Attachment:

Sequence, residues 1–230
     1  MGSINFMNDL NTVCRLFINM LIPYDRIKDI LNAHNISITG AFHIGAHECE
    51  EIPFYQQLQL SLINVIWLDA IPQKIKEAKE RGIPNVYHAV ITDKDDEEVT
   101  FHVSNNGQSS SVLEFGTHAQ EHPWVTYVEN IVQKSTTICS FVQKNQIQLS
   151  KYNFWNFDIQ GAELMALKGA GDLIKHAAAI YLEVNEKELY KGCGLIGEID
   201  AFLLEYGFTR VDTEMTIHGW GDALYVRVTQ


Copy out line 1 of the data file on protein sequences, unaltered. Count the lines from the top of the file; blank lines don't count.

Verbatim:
Sequence, residues 1–230